Historical Tales: 11—Roman - Charles Morris
In the old days of Rome, not far from the time when Coriolanus yielded up his revenge at his mother's entreaty, the Roman state possessed a citizen as patriotic as Coriolanus was proud, and who did as much good as the other did evil to his native land. This citizen, Lucius Quinctius by name, was usually called Cincinnatus, or the "crisp-haired," from the fact that he let his hair grow long, and curled and crisped it so carefully as to gain as much fame for his hair as for his wisdom and valor.
Cincinnatus was the simplest and least ambitious of men. He cared nothing for wealth, and had no craving for city life, but dwelt on his small farm beyond the Tiber, which he worked with his own hands, content, so his crops grew well, to let the lovers of power and wealth pursue their own devices within the city walls. But he was soon to be drawn from the plough to the sword.
While Cincinnatus was busy ploughing his land, Rome kept at its old work of ploughing the nations. War at this time broke out with the Æquians, a neighboring people; but for this war the Æquians were to blame. They had plundered the lands of some of the allies of Rome, and when deputies were sent to complain of this wrong, Gracchus, their chief, received them with insulting mockery.
He was sitting in his tent, which was pitched in the shade of a great evergreen oak, when the deputies arrived.
"I am busy with other matters," he answered them; "I cannot hear you; you had better tell your message to the oak yonder."
"Yes," said one of the deputies, "let this sacred oak hear, and let all the gods hear also, how treacherously you have broken the peace. They shall hear it now, and shall soon avenge it; for you have scorned alike the laws of the gods and of men."
The deputies returned to Rome, and reported how they had been insulted. The senate at once declared war, and an army was sent towards Algidus, where the enemy lay. But Gracchus, who was a skilled soldier, cunningly pretended to be afraid of the Romans, and retreated before them, drawing them gradually into a narrow valley, on each side of which rose high, steep, and barren hills.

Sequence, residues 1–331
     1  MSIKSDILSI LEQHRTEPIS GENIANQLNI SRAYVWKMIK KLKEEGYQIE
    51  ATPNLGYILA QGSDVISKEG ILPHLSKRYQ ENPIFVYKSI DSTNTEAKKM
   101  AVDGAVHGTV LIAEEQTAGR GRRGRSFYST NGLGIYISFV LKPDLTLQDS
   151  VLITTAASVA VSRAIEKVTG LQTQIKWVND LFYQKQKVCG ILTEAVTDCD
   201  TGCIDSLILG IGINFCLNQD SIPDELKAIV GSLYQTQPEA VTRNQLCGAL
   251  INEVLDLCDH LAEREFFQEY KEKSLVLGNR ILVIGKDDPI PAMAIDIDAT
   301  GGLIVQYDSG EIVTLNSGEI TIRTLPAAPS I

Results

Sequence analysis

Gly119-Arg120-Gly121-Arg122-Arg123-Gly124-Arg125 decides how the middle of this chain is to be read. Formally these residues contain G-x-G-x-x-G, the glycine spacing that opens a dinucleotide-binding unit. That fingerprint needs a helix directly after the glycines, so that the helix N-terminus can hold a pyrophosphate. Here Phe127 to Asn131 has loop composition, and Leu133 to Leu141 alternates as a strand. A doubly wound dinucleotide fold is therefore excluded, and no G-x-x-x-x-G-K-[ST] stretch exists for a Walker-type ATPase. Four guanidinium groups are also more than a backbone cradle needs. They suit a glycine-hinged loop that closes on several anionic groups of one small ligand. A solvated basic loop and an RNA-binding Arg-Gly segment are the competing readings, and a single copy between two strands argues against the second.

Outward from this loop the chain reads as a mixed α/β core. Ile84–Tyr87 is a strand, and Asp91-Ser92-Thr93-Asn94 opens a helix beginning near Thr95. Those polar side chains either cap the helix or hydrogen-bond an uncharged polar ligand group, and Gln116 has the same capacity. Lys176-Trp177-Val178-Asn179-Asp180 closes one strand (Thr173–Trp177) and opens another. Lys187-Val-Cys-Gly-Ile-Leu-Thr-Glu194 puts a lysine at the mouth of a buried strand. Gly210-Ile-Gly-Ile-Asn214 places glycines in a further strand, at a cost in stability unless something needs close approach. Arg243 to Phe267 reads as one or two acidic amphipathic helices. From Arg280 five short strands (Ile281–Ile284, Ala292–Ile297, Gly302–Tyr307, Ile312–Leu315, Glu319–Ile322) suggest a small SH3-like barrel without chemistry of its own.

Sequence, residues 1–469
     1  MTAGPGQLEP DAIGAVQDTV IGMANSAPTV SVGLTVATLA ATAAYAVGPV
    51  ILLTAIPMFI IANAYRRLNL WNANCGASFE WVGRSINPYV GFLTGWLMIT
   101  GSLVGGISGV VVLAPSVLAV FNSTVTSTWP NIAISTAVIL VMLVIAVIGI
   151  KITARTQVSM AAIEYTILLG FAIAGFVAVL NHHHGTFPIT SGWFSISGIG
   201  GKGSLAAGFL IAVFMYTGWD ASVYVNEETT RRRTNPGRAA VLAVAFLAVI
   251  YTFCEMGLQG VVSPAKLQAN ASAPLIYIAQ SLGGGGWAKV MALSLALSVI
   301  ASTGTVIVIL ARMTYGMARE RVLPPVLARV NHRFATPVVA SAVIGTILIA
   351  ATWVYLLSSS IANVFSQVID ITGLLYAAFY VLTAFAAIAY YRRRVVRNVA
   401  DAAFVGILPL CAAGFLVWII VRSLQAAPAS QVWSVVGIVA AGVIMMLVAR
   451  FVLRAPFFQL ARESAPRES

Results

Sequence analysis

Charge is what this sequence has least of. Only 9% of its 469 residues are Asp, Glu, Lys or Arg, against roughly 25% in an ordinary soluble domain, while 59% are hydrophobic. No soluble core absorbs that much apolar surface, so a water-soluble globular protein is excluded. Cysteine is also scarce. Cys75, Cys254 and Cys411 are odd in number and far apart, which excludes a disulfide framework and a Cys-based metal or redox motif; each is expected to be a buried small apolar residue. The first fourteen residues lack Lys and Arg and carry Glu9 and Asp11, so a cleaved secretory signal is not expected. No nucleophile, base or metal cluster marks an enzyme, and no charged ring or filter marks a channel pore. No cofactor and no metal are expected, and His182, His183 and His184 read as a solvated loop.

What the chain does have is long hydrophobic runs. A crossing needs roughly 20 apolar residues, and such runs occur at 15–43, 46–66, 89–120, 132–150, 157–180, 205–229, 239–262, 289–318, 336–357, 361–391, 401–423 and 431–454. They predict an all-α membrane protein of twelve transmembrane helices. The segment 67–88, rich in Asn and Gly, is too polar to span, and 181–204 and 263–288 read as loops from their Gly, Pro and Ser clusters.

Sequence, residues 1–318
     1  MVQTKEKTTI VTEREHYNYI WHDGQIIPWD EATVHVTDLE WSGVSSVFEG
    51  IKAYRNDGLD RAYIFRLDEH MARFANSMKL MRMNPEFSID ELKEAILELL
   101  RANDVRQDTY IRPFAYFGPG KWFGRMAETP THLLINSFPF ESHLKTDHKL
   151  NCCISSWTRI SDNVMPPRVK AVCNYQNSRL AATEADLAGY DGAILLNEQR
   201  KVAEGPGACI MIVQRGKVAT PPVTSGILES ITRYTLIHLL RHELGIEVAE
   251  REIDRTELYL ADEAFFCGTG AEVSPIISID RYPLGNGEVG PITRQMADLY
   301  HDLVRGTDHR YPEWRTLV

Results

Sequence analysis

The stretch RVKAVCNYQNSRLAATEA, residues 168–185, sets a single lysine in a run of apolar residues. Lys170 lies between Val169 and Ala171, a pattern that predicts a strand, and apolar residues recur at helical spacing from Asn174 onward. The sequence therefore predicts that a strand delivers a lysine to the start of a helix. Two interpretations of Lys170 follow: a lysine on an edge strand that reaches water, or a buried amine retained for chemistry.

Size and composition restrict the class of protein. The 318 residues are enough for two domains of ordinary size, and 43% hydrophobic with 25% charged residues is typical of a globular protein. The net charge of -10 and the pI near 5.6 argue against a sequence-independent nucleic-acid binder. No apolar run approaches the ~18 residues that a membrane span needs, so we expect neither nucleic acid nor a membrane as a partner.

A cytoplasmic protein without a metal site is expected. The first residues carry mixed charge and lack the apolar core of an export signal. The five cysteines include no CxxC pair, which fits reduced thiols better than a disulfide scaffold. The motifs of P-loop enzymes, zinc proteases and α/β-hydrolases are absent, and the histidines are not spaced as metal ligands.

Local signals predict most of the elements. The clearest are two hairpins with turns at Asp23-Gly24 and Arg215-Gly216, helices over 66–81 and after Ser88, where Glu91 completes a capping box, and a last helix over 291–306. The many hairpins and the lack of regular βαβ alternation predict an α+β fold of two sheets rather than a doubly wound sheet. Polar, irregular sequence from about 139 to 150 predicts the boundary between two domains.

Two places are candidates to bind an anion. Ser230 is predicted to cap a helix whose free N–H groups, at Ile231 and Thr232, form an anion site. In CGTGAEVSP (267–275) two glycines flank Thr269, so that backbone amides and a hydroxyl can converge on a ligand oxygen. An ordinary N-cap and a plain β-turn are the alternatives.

When he had lured them fairly into this trap, he sent a force to close up the entrance of the valley. The Romans suddenly found that they had been entrapped into a cul-de-sac, with impassable hills in front and on each side, and a strong body of Æquians guarding the entrance to the ravine. There was neither grass for the horses nor food for the men. Gracchus held not only the entrance, but the hilltops all round, so that escape in any direction was impossible. But before the road in the rear was quite closed up five horsemen had managed to break out; and these rode with all speed to Rome, where they told the senate of the imminent danger of the consul and his army.
These tidings threw the senate into dismay. What was to be done? The other consul was with his army in the country of the Sabines. He was at once sent for, and hastened with all speed to Rome. Here a consultation took place, which ended in the leading senators saying, "There is only one man who can deliver us. We must make Lucius Quinctius Master of the People." Master of the People meant in Rome what we now mean by Dictator,—that is, a man above the law, an autocrat supreme. What service this unambitious tiller of the ground had previously done for Rome to make him worthy this distinction we are not told, but it is evident that he was looked upon as the man of highest wisdom and soldiership in Rome.
Caius Nautius, the consul, appointed Cincinnatus to this high office, as he alone was privileged to do, and then hastened back to his army. Early the next morning deputies from the senate sought the farm of the new dictator, to apprise him of the honor conferred on him. Early as it was, Cincinnatus was already at work in his fields. He was without his toga, or cloak, and vigorously digging in the ground with his spade, never dreaming that he, a simple husbandman, had been chosen to save a state.
"We bring you a message from the senate," said the deputies. "You must put on your cloak to receive it with the fitting respect."
"Has evil befallen the state?" asked the farmer, as he bade his wife to bring him his cloak. When he had put it on he returned to the deputies.
"Hail to you, Lucius Quinctius!" they now said. The senate has declared you Master of the People, and have sent us to call you to the city; for the consul and the army in the country of the Æquians are in imminent danger."
Without further words, Cincinnatus accompanied them to the boat in which they had crossed the Tiber, and was rowed in it to the city. As he left the boat he was met by a deputation consisting of his three sons, his kinsmen and friends, and many of the senators of Rome. They received him with the highest honor, and led him in great state to his city residence, the twenty-four lictors walking before him, with their rods and axes, while a great multitude of the people crowded round with shouts of welcome. The presence of the lictors signified that this plain farmer had been invested with all the power of the former kings.